A prime example is CNN and its offshoot CNNi, which became reliant on repressive regimes following the 2008 financial crisis. Their deals go beyond sponsorship, by producing in association with foreign governments. CNNi offers the opportunity to fund specific programs (and messages) about a nation, or its’ enemies. “Eye on Georgia”, “Eye on the Philippines” and “Market Place Middle East” were all docuseries style programs focusing on the positive economic and political aspects of their state sponsors (Greenwald, 2012). This conflict of interest is not a new phenomenon, nor is it unique to one network. Media companies like Legendary Entertainment (Dark Knight), AMC Theatres, Dick Clark Productions (Rockin New Years Eve), Voltage Pictures (Hurt Locker), STX Entertainment (Ugly Dolls), Riot Games (League of Legends) and many more, were purchased by Chinese communist firms (Pressburg, 2016). Due to the regimes’ nature, all major business and media activities are overseen by hostile and repressive forces within the government (Ralston, 2006 p. 10). Chinese communist leaders are known to abduct, torture, and assassinate enemies of the state. This means citizens abroad with family in China are automatically compromised and could be threatened and instructed to assist the regimes’ agenda at any time (PTI, 2019). Could hostile foreign agents be actively fueling a rebellion against the democratically elected president of the United States for their own gain through the #resist movement? Or are these companies merely responding to popular opinions and feeding off the revenue generated by the endless controversy. It is important to keep in mind Trump began attempting to undermine China’s position as a manufacturer, while also blocking the purchase of additional American companies early in his first term (Swanson, 2017). He also took a drastically different stance than Obama in the middle east. These activities could help explain some of the overwhelmingly resistance to Trump.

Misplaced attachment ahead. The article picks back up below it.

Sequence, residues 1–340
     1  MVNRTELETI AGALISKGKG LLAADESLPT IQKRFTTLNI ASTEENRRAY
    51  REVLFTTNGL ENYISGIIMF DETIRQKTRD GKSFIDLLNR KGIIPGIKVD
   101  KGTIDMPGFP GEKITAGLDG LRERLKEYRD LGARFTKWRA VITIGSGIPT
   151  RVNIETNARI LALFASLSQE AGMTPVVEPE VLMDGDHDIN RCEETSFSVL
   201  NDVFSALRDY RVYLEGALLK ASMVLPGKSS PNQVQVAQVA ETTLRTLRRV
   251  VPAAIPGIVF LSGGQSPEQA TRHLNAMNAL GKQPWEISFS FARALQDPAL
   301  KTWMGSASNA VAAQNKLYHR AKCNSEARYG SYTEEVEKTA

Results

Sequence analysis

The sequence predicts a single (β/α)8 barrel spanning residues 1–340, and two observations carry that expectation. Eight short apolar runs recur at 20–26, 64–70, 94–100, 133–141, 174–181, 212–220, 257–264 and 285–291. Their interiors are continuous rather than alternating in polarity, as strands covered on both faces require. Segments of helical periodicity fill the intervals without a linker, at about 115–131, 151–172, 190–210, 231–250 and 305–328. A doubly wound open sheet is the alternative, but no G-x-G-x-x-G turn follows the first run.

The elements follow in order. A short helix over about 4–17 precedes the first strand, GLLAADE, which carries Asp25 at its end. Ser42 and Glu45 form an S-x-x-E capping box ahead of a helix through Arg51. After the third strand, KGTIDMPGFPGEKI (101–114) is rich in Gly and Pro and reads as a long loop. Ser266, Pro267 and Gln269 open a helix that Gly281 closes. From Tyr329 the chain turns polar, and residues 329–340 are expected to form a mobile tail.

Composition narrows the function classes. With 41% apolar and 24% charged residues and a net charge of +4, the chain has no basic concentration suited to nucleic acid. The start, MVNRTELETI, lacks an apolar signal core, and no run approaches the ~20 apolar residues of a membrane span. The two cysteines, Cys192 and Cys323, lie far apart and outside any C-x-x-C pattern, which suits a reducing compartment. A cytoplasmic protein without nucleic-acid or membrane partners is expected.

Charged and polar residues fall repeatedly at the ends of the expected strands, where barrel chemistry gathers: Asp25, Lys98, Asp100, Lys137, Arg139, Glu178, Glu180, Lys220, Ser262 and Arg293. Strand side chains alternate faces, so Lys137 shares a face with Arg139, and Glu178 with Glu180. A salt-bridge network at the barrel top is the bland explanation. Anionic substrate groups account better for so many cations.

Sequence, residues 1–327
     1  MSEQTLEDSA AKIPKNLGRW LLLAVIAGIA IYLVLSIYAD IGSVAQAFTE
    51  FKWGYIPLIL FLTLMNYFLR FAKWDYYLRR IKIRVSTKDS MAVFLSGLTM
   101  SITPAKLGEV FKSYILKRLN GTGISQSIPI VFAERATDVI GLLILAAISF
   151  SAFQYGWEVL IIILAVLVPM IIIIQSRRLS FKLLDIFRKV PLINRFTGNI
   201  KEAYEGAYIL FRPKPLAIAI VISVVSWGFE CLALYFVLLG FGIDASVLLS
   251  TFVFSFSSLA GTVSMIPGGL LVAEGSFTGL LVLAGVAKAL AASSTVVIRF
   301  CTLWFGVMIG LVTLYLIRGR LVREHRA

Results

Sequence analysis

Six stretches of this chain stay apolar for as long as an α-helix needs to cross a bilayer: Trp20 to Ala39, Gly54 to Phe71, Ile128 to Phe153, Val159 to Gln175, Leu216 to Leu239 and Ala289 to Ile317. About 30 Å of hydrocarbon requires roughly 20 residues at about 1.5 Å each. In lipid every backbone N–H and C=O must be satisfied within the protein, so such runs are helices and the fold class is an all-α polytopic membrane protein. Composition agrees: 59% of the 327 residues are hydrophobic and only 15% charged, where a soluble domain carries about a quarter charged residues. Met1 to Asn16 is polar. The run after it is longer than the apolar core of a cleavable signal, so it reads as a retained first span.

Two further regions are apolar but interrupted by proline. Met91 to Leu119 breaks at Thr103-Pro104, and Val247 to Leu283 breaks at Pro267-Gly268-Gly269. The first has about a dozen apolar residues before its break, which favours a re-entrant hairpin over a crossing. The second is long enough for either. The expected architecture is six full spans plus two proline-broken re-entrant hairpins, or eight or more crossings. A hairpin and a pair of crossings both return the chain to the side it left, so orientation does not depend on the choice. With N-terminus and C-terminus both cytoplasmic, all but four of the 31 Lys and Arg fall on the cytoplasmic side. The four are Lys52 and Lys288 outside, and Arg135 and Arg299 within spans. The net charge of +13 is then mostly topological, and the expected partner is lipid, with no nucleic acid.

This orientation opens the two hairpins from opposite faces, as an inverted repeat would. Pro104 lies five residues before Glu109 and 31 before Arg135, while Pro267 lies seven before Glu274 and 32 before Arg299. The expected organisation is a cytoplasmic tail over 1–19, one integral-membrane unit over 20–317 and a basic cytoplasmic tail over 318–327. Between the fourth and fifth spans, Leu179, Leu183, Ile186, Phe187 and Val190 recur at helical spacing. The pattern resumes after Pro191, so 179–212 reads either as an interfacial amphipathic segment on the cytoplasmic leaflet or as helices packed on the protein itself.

#RESIST And Radicalization